By Pamela Rider
The Jamaica area has an abundance of food pantries.
Deliverance Temple Food, Morris Brown AME Church-Helping Hand FoodPantries, Brooks Memorial United Methodist, Bethel Mission Church, Inc-Food, Bethel Gospel Tabernacle Church, Rush Temple AME Zion Church, are some of the sites that provide food weekly to the community.
Many local food pantries feed over 100,000 people in their community on a monthly basis.
Bethel Tabernacle runs their food pantry in the style of “grocery shopping.”
“I think that it’s important to make pantry service more of a grocery shopping experience,” Coordinator Jim Parsons shared with the Leader-Observer. “It adds warmth and flavor.”
“I am so thankful for these pantries,” said 87 year old Martha Wilson. She added, “I don’t know what I would do without them. I only receive social security, and we all know how that is.”
Many communities have a local food pantry. Most of these community food pantries are sponsored by local area churches or community coalitions. A food pantry is a distribution center where hungry families can receive food.
For many years, food pantries and soup kitchens have been a vital part of sustenance for many individuals that work for minimum wages, and require supplementary accommodations by their federal, city, and state governments.
These pantries are supplied with food from Food Banks, Grocery Store Overstock, Thrift Store Profits to Purchase Food, Community food collection/ donations, and Free from our Garden participants. A community food pantry’s mission is to directly serve local residents who suffer from hunger and food insecurities within a specific area.
Food banks receive food from federal programs. The USDA purchases food from farmers and delivers it to food banks for distribution in their communities. Presently, food pantries serve much more than soup and bread. Specifically, food pantries provide families with canned soup,
canned fruit, canned and fresh vegetables, canned stew, canned fish, canned beans, whole grain pasta, brown rice and dairy.
“City Harvest,” is the world’s first and largest food rescue organization established in 1980 that helped start the food rescue movement when a group of New Yorkers saw that New York City had an abundance of excess food, even while a number of residents struggled to feed themselves and their families. It is a Non-Profit Organization located at 150 52nd Street Brooklyn.
New York State recipients of the “Supplemental Nutrition Assistance Program” (SNAP), have received a 15% boost in SNAP benefits since January 2021 due to the COVID crisis by “The Office of Temporary and Disability Assistance” (OTDA). The increased benefits were intended to stop once the government declared an end to the Covid public health emergency.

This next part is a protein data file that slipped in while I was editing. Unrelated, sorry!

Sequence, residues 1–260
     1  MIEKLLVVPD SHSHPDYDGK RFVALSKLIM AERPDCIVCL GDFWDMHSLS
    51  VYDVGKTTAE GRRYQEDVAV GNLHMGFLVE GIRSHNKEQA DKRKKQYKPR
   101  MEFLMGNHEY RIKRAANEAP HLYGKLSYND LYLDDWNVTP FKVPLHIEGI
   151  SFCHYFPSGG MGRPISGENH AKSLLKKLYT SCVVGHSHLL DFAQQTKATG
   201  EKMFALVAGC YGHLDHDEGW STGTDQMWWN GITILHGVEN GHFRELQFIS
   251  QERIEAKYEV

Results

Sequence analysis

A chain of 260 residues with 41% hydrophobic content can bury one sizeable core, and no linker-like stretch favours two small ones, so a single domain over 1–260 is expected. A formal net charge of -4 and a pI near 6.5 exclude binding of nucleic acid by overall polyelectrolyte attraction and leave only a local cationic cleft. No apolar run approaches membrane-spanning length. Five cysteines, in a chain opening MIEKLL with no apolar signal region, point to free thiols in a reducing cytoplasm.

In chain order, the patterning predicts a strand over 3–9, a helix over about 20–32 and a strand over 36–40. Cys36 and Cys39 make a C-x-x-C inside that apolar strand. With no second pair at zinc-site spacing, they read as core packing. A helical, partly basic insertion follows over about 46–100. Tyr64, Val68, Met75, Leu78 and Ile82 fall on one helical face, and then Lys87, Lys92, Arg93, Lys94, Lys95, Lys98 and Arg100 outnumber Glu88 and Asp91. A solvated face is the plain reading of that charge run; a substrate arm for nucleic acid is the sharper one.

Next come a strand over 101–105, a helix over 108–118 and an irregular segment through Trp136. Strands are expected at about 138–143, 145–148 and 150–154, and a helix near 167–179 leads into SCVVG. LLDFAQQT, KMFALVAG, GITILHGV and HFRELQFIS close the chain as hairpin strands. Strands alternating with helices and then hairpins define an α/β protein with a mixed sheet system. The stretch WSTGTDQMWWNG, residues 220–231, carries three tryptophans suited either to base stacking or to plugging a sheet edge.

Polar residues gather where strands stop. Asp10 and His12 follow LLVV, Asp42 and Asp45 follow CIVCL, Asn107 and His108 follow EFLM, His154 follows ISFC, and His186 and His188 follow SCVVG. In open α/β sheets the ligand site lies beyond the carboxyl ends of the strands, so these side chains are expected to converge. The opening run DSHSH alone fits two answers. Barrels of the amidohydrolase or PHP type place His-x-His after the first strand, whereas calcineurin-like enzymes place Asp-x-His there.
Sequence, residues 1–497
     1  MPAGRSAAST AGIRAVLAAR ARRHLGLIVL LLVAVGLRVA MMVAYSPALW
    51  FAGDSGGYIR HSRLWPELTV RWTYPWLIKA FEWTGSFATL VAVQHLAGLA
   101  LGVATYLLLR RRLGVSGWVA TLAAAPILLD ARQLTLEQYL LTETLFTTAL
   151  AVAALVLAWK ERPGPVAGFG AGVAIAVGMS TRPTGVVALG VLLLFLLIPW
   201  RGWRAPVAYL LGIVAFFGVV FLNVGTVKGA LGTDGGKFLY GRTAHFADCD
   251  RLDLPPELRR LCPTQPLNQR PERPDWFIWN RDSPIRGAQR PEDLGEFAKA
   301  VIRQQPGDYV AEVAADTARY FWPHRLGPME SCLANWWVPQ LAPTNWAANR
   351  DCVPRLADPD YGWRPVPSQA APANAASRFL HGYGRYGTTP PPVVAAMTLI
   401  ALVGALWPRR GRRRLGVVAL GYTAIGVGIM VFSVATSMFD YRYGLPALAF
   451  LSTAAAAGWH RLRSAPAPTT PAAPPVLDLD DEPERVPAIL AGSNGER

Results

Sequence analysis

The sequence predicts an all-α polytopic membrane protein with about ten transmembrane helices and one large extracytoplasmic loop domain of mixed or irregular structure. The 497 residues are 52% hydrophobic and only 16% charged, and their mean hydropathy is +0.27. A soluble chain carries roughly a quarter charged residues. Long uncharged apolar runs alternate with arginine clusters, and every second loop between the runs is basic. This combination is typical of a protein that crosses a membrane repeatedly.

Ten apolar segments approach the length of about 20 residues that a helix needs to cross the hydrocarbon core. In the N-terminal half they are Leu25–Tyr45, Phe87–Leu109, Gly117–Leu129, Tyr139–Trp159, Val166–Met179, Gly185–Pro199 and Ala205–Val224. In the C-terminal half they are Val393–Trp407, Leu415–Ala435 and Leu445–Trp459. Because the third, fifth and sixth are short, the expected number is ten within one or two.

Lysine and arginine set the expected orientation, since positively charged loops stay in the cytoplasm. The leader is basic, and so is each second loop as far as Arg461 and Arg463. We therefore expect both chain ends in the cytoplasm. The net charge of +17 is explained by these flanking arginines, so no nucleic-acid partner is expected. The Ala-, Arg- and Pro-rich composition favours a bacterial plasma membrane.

Although the public health emergency has been extended until April, Congress passed the “Consolidated Appropriations Act of 2023” in December 2022 that ended the supplemental “Emergency Assistance” benefits. February 2023 was the last month that supplemental benefits were issued to eligible recipients; nonetheless, food prices continue to rise due to deficits of natural reproduction.
Wilma Silks, a health care worker said, “You’d be surprised with the quality of the food that is given. Some of it is good name brand items, and many times the vegetables come from farms that donate to pantries. People used to think that pantries were for the poor and underprivileged, but now-a-days, many of us are considered underprivileged due to inflation.”
CBS News reported in Jan. 2023 that the cost of eggs is soaring as America’s eating habits change. A deadly disease “The Avian-flu,” wipes out millions of birds which has resulted with an inflation for the price of eggs.
On January 23, 2023, “The Economics Daily- Bureau of Labor Statistics” reported that consumer prices for all items rose 6.5 percent from December 2021 to December 2022. Food prices have increased 10.4 percent reflecting an 11.8 percent increase in prices for food at home, and an 8.3 percent increase in prices for food away from home.
Lawrence Walker, a 67 year old retired MTA worker said, “Even though I get money from my retirement and social security, I’m grateful that I can get some type of relief on my pocket by visiting my local food pantries!”
The history of food banks, pantries and soup kitchens in America can be traced back to the year 1929 with the effects of growing depression. When food pantries and soup kitchens first appeared, they were run by churches or private charities that served mostly soup and bread.
Local Food Pantries are used as a subsidy which accommodates many working individuals on a tight budget to put needed food on their table for themselves and their families.
For information about your community food pantry, go to https://www.foodpantries.org.